Reassessing Libya Intervention


KIM LAWTON, managing editor and guest anchor: There were also rising concerns about the situation in Libya. NATO stepped up its airstrikes while alliance leaders called for more support in the effort to protect civilians. Meanwhile, a UN human rights panel said Moamar Gaddafi’s forces have committed crimes against humanity. Secretary of State Hillary Clinton met with regional leaders to discuss future strategies, but the Obama administration is coming under increasing pressure. Last week, the House of Representatives approved a measure giving the president until June 17 to provide detailed justification for why the US got involved in Libya and why it should continue. An even tougher measure is being taken up in the Senate.

Joining me now is Gerard Powers, director of Catholic Peacebuilding Studies at the Kroc Institute for International Peace Studies at the University of Notre Dame. Jerry, we’re hearing a lot about political and financial questions about the situation in Libya. What are some of the moral and ethical questions that should also be considered right now?

post01-reassessinglibyaGERARD POWERS (University of Notre Dame): Thanks for having me, Kim. I think there are three broad questions. One is, were we morally justified in going in in the first place? The second is are the means that we are using morally justified, or are we proving through the means we are using that humanitarian invention, as some allede, is really just an oxymoron? And three, I think we have to think about what an ethics of exit means in Libya.

LAWTON: Well, let’s unpack all of that. Were we justified in going in? The president said it was to protect civilians.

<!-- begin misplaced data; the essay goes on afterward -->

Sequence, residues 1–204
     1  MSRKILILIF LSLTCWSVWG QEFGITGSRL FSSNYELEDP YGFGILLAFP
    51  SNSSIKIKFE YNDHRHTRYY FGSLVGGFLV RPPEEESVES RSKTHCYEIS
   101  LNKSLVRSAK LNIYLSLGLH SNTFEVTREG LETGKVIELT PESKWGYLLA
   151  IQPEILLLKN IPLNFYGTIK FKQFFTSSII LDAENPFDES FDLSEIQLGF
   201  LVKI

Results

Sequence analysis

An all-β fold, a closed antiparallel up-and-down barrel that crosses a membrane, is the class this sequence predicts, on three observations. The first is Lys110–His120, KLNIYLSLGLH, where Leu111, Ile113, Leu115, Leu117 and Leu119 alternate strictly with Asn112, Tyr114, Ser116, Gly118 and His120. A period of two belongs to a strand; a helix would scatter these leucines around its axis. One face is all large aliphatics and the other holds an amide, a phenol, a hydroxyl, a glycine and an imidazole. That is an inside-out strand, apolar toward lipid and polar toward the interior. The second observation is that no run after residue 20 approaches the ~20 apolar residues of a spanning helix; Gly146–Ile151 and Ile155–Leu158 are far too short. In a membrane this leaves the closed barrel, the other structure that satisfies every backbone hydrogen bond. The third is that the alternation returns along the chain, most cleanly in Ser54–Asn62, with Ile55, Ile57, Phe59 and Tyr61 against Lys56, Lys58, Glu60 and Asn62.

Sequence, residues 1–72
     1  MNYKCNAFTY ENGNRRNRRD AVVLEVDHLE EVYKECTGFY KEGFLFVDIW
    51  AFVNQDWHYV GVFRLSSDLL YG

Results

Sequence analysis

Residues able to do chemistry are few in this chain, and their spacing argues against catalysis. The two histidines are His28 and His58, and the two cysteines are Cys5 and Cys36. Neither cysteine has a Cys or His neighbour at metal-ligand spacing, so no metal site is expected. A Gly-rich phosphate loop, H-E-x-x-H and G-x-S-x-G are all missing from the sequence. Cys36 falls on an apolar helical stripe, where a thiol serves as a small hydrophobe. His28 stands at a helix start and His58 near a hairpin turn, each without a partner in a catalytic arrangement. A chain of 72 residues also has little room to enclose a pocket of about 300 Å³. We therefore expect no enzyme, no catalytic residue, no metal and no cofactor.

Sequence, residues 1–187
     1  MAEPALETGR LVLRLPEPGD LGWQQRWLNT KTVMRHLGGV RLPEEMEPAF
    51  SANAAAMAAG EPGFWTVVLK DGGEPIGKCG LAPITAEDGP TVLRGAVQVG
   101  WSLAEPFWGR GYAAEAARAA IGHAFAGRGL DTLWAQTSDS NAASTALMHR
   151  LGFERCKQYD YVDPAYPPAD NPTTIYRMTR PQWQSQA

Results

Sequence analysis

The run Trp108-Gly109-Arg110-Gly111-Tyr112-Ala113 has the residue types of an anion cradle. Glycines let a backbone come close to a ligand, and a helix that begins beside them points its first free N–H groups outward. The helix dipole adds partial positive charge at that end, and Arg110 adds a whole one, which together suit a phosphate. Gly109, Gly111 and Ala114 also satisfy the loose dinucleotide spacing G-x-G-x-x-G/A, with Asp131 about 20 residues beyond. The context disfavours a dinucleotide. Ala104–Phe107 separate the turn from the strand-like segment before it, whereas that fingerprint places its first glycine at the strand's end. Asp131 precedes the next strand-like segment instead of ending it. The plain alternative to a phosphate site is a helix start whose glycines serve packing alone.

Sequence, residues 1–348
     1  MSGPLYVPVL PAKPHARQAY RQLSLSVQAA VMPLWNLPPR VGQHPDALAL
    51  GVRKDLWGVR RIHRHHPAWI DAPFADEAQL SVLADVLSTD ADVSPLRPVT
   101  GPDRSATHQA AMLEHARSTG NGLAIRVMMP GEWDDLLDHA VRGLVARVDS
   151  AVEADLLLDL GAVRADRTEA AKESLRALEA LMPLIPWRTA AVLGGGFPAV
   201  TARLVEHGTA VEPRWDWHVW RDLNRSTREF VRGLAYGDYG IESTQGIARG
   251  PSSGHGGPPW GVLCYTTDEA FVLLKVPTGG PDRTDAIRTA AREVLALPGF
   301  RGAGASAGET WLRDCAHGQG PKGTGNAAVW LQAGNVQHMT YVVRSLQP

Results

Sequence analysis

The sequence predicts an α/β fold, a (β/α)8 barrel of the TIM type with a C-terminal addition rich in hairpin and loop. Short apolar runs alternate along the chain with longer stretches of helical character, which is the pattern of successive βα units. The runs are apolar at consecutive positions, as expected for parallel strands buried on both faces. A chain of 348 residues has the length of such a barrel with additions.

POWERS: I think humanitarian intervention in extraordinary cases to protect the civilian population is justified, and not only that, there’s a duty in some cases to do that. My concern is that that objective seems to be subsumed by other objectives. We are focusing on regime change, not just protecting the Libyan civilians, and that will likely prolong the war and actually increases the risk to the very civilians we’re purportedly there to protect.

LAWTON: And how does that change the moral calculus? If the mission or the purpose seems to be changing, does that then effect how we look at it from a moral perspective?

POWERS: I think it does, absolutely. The only way you can keep humanitarian intervention from becoming a guise for the great powers like the United States to intervene for self-interested reasons under the guise of humanitarian intervention is to have strict criteria, and one of those is to make sure that you limit your objectives to the original humanitarian objectives. In this case, I’m concerned that not only are our objectives expanding, but the means that we are using are not appropriate to meeting those objectives, because we are pursuing a zero-casualty war, at least zero casualties on our side, by an exclusively air campaign, and that raises serious questions about can we really achieve our legitimate humanitarian objectives through bombers, cruise missiles, drones, and now attack helicopters.